You will see that 2 technologies were added to the selected window: Java and Web Services.

  • Click Next

Configure Java Settings Dialog

  • Assign a Default Package:  webservices
  • Click Finish

Create the Web Service Proxy

Start the ADF Wizard

  • Right mouse click the Project > WebServices
  • Click New

New Gallery Dialog Box

  • When the New Gallery dialog box appears perform the following steps.
  • Select Current Project Technologies tab
  • Select Business Tier > Web Services in the categories list
  • Select Web Service Proxy in the items list
  • Click OK

Create Web Service Proxy Welcome Dialog Box

  • Click Next 

Select Client Style Dialog Box

  • Select JAX-WS Style (this should be the default)
  • Click Next

Select Web Service Description Dialog Box

  • Enter the location of the WSDL file.
    • This can be a local copy or you may have a URL address to enter which is also acceptable.
  • By default, "Copy WSDL Into Project" is selected. Keep the default setting.
  • Click Next

Specify Default Mapping Options Dialog Box

  • Enter a Package Name:  com.topmovie
  • Enter a Root Package for Generated Types:  com.topmovie.types
  • By default, "Unwrap Wrapped Parameters" is selected.  Keep the default.
  • Click Next

Port Endpoints Dialog Box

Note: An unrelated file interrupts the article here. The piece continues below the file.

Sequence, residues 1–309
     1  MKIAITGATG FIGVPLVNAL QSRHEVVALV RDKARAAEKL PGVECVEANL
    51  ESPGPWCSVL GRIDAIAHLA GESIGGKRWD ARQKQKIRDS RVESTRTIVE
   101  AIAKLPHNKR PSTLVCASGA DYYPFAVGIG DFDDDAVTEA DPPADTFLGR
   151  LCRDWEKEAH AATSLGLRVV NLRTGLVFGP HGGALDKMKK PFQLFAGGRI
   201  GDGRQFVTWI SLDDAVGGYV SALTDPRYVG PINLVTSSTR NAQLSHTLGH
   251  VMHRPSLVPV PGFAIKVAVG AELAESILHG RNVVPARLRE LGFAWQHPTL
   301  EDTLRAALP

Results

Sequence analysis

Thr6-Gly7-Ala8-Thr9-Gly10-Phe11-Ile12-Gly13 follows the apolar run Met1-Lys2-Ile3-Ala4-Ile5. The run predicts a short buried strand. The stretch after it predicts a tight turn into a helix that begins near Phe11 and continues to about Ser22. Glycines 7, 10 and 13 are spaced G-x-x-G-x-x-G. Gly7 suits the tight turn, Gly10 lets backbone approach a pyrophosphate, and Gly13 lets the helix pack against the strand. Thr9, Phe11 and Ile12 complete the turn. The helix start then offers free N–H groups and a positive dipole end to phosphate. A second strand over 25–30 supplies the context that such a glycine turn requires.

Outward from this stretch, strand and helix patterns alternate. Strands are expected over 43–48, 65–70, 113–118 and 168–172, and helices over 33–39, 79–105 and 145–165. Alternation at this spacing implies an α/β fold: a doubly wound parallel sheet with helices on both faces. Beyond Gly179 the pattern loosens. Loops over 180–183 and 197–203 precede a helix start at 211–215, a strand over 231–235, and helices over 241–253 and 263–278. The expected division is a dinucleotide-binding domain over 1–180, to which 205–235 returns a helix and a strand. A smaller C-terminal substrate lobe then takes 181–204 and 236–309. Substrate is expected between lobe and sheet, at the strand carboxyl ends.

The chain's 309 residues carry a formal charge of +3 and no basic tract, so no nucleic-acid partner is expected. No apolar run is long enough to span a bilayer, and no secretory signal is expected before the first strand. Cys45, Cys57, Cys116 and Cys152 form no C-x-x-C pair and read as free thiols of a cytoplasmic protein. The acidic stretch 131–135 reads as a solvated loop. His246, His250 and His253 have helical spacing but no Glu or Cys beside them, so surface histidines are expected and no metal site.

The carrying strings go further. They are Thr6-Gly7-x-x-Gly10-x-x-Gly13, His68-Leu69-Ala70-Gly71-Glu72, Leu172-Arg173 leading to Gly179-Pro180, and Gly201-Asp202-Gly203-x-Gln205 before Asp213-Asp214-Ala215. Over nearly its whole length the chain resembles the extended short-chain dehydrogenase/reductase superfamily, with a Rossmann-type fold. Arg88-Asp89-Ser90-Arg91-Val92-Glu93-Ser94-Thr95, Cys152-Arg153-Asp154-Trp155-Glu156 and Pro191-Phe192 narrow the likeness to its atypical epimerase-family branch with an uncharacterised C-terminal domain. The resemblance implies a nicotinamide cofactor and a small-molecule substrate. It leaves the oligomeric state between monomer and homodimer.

• This is an optional task.  Keep the defaults.
  • Click Next

Asynchronous Methods Dialog Box

  • Accept the default selection "Generate asynchronous methods where specified by the JAX-WS binding"
  • Click Next

Policy Dialog Box

  • Accept all the defaults in this dialog box
  • Click Next

Defined Handlers Dialog Box

  • Accept all the defaults in this dialog box
  • Click Next

Finish Dialog Box

  • Review and Click Finish
  • Save your changes (Control-S)

Review Application Structure

Project View

Numerous class files and supporting files such as the WSDL file are generated. Below is a screenshot of the WebServices Project structure that is generated with the proxy web service wizard.

Code and WSDL Cross-References

An examination of the WSDL file will help understanding the resulting code generation via the wizard. Every time you use this wizard the code generation will be very similar to the structure reviewed below. By studying this structure you can very quickly know where to go to create code anytime you use this wizard. Below is a table of the structure elements cross-referenced to the WSDL location.

Structure Name

WSDL Location

TopMovies.java

wsdl:service name="TopMovies"

You will always have one class file generated for your service with the name "serviceName.java"

TopMoviesSoap.java

wsdl: portType name="TopMoviesSoap"